We invited Nabil Farrag, Country Director of Spring Professional LHH (Singapore) Pte. Ltd. (license number: 09C5803), to share his best tips for individuals who want to switch into a career in tech.
Nabil has over a decade of recruitment experience working in various markets, including Australia, Asia, and Europe. His expertise in technology recruitment and coaching and consulting is sure to help anyone trying to figure out how to find a new career.
Step 1: Assess
Determine whether a career switch is right for you and what you want to change in your current work dynamic.
The current job market, which is experiencing a skill shortage, provides a good opportunity for career transition. Before making a career change, individuals should consider their interests and passions within their work, as well as their likes and dislikes in their current role. It’s important to focus on the core parts of a task that they enjoy, rather than tangible things like using excel. They should also take note of what they dislike about their current role and determine if it’s the job or the company they dislike. A career change should not be based solely on disliking a current job or company.
Job dissatisfaction should be written down and examined objectively. This analysis will show whether the problem is with the job, the company culture or something else, and whether it requires a career change or a job change.
Changing careers for higher pay or because you dislike your current boss could be a mistake. Transferable skills should be assessed and displayed correctly to open up your mind to different job opportunities. Changing fields is an option, but it may require professional training and certification.
The technology industry requires a lot of education and training to be successful. Make sure you are prepared to put in the necessary time and effort to gain the required skills and qualifications you need to be successful. Having a strong passion for a topic or industry is important in order to motivate yourself to learn and succeed in your new field.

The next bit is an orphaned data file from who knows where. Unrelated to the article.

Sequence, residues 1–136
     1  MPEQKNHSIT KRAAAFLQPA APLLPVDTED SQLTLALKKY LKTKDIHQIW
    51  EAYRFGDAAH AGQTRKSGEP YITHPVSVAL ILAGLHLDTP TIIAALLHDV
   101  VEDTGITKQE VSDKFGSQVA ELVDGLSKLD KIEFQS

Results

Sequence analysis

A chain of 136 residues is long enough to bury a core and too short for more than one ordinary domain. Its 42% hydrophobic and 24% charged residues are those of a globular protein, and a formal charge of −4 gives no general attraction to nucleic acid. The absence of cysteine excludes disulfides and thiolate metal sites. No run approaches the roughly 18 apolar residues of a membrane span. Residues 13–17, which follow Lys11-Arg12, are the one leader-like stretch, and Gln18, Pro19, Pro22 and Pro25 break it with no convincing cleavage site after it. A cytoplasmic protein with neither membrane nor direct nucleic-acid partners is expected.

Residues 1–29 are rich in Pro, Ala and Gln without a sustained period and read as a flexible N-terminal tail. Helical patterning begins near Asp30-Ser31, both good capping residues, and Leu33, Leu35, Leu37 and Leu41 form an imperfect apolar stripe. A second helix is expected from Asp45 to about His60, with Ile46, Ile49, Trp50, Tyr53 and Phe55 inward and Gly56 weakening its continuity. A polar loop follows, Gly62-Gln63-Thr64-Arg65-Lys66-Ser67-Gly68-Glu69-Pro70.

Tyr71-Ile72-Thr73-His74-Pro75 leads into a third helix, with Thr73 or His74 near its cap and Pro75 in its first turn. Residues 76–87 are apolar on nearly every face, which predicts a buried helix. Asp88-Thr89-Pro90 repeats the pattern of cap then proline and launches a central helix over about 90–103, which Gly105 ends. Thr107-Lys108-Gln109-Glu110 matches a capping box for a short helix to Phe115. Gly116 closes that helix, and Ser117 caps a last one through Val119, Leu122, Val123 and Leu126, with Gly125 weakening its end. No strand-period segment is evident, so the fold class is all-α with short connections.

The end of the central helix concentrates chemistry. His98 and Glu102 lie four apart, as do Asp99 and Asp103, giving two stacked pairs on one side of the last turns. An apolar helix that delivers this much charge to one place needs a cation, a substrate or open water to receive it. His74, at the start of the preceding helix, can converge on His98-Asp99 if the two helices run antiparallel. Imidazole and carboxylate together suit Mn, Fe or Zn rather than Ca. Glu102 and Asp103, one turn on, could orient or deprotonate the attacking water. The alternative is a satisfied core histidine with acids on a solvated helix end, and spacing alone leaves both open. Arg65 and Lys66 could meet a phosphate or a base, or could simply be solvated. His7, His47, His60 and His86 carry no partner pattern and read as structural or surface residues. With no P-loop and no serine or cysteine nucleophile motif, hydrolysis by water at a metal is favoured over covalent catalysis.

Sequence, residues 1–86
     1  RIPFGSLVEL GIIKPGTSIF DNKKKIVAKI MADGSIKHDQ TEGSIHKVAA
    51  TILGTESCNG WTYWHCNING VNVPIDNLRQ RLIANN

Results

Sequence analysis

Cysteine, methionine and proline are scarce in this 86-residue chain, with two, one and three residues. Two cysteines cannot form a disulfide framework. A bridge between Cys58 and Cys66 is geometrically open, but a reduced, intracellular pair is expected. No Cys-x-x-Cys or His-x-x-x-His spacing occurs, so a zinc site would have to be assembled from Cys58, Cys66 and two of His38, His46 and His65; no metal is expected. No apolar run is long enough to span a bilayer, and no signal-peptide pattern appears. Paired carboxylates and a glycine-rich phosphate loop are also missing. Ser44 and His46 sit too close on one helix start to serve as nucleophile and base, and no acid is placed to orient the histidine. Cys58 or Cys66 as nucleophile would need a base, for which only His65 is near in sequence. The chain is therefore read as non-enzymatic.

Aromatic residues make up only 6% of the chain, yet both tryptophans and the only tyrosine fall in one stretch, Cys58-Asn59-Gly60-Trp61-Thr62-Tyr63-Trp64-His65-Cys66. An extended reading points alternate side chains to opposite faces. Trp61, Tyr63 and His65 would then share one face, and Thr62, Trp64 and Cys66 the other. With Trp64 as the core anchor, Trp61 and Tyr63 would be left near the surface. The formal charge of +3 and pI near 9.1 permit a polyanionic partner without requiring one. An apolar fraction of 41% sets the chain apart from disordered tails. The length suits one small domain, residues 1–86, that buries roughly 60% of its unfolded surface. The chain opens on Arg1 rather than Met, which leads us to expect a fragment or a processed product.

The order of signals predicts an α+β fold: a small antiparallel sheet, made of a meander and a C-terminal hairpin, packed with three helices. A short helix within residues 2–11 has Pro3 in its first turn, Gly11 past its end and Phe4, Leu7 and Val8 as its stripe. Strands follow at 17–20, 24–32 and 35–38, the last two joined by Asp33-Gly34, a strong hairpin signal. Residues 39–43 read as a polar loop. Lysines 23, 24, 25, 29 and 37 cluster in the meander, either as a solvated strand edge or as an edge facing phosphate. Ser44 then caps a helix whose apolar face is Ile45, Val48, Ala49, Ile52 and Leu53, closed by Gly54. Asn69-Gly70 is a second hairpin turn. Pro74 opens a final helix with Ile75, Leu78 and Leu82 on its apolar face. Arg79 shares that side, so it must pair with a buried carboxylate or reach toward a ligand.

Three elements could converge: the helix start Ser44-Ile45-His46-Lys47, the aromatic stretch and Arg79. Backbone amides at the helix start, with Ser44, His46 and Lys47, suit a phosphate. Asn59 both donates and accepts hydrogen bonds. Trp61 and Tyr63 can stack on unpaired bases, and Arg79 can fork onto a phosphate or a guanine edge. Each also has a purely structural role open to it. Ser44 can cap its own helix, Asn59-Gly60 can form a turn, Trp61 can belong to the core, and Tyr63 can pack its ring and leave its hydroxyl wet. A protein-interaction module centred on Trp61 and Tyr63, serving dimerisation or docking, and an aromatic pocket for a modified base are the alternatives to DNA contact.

Take our 10-question quiz to discover which “tech” industry best aligns with your personality.
Step 2: Visualize
Reflect on your past work experience and expertise, and determine how you want your career to move forward.
One way to decide upon a direction for your career is to visualize multiple aspects of what your next job will hold. Think about your desired function and industry expertise. It is important to identify the function of a job, and how you can add value there by leveraging your past experiences. It is crucial to start in a new function within an industry that aligns with your experience before navigating into other industries.
Earning potential is another vital point to consider. Be sure to research how long it takes to advance so you’re earning the money necessary for your desired lifestyle. Personal growth is another big consideration, where individuals must be willing to take a step back and learn new things even if they have years of experience.
Finally, think about your personality and tailor your career to it. For example, if you are extroverted you will want to find a tech job that suits an outgoing personality. You don’t have to force yourself into a stereotype to work in tech. For example, there are many different types of software engineers.
Step 3: Strategize
Plan and prepare for the career switch, including determining the correct pathway and necessary steps.
One of the most crucial ingredients in a successful career transition is strategy. This involves researching the job and its required skills, looking at people within the organization who have your desired job title, and finding people who have transitioned into the field from similar backgrounds.
You should do some part-time, freelance, or volunteer work to gain exposure to these types of individuals to assess if your intended switch is worthwhile. Nabil said researching people on LinkedIn can provide a lot of insight into your desired role.